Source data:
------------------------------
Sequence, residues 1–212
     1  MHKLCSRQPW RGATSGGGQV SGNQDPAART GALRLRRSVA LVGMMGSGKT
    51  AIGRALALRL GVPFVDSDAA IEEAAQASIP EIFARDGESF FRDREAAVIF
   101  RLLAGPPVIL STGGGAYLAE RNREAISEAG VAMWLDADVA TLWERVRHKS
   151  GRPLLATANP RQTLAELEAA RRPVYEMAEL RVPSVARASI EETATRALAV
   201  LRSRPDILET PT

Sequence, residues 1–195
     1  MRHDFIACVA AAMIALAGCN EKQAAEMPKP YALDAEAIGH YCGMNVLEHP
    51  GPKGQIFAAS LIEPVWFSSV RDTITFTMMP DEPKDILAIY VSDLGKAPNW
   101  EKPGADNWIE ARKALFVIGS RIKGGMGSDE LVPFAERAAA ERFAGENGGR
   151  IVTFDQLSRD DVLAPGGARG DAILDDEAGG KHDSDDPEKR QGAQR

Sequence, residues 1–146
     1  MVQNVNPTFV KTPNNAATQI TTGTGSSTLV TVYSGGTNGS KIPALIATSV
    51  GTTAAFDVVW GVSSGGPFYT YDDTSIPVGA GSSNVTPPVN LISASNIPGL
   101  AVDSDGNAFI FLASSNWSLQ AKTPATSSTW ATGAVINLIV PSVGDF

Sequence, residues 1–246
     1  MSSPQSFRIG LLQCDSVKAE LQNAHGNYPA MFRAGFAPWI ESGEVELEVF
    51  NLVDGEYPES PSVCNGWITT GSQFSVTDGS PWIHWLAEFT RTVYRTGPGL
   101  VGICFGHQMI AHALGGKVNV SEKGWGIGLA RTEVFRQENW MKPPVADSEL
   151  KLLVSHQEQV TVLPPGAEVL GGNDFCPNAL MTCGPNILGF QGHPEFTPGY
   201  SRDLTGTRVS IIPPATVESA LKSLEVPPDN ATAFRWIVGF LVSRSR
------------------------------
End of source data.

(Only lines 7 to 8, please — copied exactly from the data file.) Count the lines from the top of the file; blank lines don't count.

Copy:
Sequence, residues 1–195
     1  MRHDFIACVA AAMIALAGCN EKQAAEMPKP YALDAEAIGH YCGMNVLEHP